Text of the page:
Oh, and lastly, remember that you CAN negotiate Separation Agreements and Releases… but probably not with your immediate supervisior and not at the moment that they’re trying to walk you out of the building (see the Yahoo! stuff… they explicitly tell the supervisors not to negotiate). Collect your things, gather the paperwork… and call their HR Department to arrange a face-to-face meeting in the immediate future BEFORE any deadline for signature arises. Explain that you have some complicating circumstances that you’d like to address and clarify, so you’d like to talk with someone face-to-face about the Release before you sign. If HR stonewalls you, call the Legal Department and ask for the Employment Law counsel on staff. Explain the same thing to them and ask to meet with them.
I’m sorry if you have to go through this. You are not alone.
Ken Adams is discussing definite articles over at his blog today. The question is whether it’s appropriate or necessary to include the “the” before a defined term such as Vendor. I’ll let Ken explain it in his own words.
In the ensuing small comment debate, I wrote a second response that apparently “muddied the waters” of the discussion. But I felt the last argument had merit and I wanted to discuss it further with you.
Here’s my second (unpublished) post:
Oh, I agree… it IS semantics. But when I’m drafting/reviewing/editing 200+ documents/year, sometimes that’s all I have. 🙂
My average template software license and services agreement is more than 35 pages long. If my opponent decides that they want to change VENDOR to ACME, I have to be honest and say that I don’t want to have to go through the document again to remove each instance of “the” in front of ACME – because most likely, they’ve done it about 2 or 3 revisions in (when it’s not as easy to just undo and re-do properly).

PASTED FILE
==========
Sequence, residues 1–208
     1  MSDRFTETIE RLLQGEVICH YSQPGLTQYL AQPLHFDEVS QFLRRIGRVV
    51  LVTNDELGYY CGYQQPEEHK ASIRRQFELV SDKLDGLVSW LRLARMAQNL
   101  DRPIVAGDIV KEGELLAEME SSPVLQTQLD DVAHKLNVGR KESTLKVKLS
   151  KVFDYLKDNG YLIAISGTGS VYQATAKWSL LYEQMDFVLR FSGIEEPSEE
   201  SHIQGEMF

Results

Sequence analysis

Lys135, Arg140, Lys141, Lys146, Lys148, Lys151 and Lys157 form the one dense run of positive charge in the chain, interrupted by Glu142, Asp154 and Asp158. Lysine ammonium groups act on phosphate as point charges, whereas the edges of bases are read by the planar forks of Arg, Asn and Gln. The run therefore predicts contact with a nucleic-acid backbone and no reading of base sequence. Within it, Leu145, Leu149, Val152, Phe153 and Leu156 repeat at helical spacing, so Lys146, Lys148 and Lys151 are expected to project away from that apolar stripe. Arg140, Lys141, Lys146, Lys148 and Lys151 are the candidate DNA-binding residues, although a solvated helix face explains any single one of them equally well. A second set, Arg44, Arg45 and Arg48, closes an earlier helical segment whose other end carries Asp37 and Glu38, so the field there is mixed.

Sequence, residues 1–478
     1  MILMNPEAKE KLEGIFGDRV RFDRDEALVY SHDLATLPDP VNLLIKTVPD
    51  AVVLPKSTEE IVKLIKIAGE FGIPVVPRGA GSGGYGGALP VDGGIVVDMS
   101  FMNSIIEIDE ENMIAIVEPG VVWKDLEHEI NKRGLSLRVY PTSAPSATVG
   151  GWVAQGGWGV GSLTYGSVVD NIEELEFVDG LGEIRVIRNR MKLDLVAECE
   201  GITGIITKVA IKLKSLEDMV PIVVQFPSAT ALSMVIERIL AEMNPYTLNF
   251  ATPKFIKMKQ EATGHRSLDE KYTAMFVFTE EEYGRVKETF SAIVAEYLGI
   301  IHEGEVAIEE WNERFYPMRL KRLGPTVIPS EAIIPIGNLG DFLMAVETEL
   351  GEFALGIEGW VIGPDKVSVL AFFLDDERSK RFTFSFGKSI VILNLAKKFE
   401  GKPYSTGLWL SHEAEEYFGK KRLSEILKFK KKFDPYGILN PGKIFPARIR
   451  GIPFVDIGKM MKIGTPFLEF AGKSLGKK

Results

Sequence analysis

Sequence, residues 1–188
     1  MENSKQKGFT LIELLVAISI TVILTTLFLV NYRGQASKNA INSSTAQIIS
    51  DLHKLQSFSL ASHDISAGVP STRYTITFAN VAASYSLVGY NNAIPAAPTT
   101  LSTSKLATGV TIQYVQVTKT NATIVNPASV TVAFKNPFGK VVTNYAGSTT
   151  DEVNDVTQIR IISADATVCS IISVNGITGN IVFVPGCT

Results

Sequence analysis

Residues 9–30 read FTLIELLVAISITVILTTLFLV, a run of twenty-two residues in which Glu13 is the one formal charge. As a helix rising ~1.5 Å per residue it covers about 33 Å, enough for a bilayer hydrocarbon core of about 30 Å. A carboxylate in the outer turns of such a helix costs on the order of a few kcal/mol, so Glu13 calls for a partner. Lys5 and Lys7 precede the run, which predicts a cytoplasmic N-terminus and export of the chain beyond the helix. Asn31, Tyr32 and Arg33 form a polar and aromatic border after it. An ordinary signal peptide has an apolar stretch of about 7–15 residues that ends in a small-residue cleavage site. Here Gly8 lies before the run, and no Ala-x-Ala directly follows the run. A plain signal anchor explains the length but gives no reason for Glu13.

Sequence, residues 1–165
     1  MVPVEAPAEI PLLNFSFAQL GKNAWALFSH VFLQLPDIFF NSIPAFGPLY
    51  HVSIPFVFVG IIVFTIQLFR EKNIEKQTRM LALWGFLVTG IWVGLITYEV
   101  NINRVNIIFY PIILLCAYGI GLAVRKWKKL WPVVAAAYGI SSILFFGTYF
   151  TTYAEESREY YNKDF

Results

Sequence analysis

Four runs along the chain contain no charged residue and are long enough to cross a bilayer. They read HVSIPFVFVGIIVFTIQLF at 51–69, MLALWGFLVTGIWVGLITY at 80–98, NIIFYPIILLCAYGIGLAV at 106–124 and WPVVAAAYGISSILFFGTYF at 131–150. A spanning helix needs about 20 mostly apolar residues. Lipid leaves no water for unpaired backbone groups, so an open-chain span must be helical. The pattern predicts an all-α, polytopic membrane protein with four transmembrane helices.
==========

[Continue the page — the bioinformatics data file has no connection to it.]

In thinking about it more, however, aren’t we actually converting the defined term into a proper noun? And in doing so, putting a definitive in front of it is actually incorrect for the same reasons why you don’t say “The Acme” or “The Jeff”?
Specifically, I think that the use of a defined term might convert that term into proper noun… and even if it doesn’t automatically, it would if the item it’s defining is a proper noun. In other words, “Vendor” would be a defined term that would also now convert into a proper noun because it’s serving as a replacement for “Acme Corp”, which is already a proper noun. On the other hand, “Services” might not be a proper noun, as the term Services is typically defined as “the work performed by the Vendor”.
Filed under: metrics
Lemme’ guess. Your management asks you to measure your performance. This is a push from management textbooks everywhere. Quality programs, Six Sigma… they’re all about measuring what you do and finding ways to improve efficiency.
With contracts, measurement is both easy and tricky at the same time. It’s easy because there are a lot of numbers to keep track of. The number of contracts, the number of renewals, the sum of all money spent in a given time period, etc. It’s hard because the things that really matter: quality of the deal, risk allocation measures, actual cost savings, etc, are more difficult to put a number on. Or, perhaps you’re trying to measure contract professional performance – how many of a particular term they got included in their contracts, the number of times they’ve started from your template forms (remember, you’re ALWAYS starting from YOUR templates, right?).
But are simple counts of these things a true measure of success, top quality performance, etc? Or are they simply the easy things to measure to placate your management?
I’m not going to tell you what to measure, at least not yet (Symetrisk will do it for you soon). But I want you to think about what you’re measuring and how your going to do the measurement itself. Do the metrics matter? Do you have the ability to make real inferences (not correlations – you won’t have that kind of data) from what you’ve gathered?
If the answer is no, it’s time to re-think your metrics.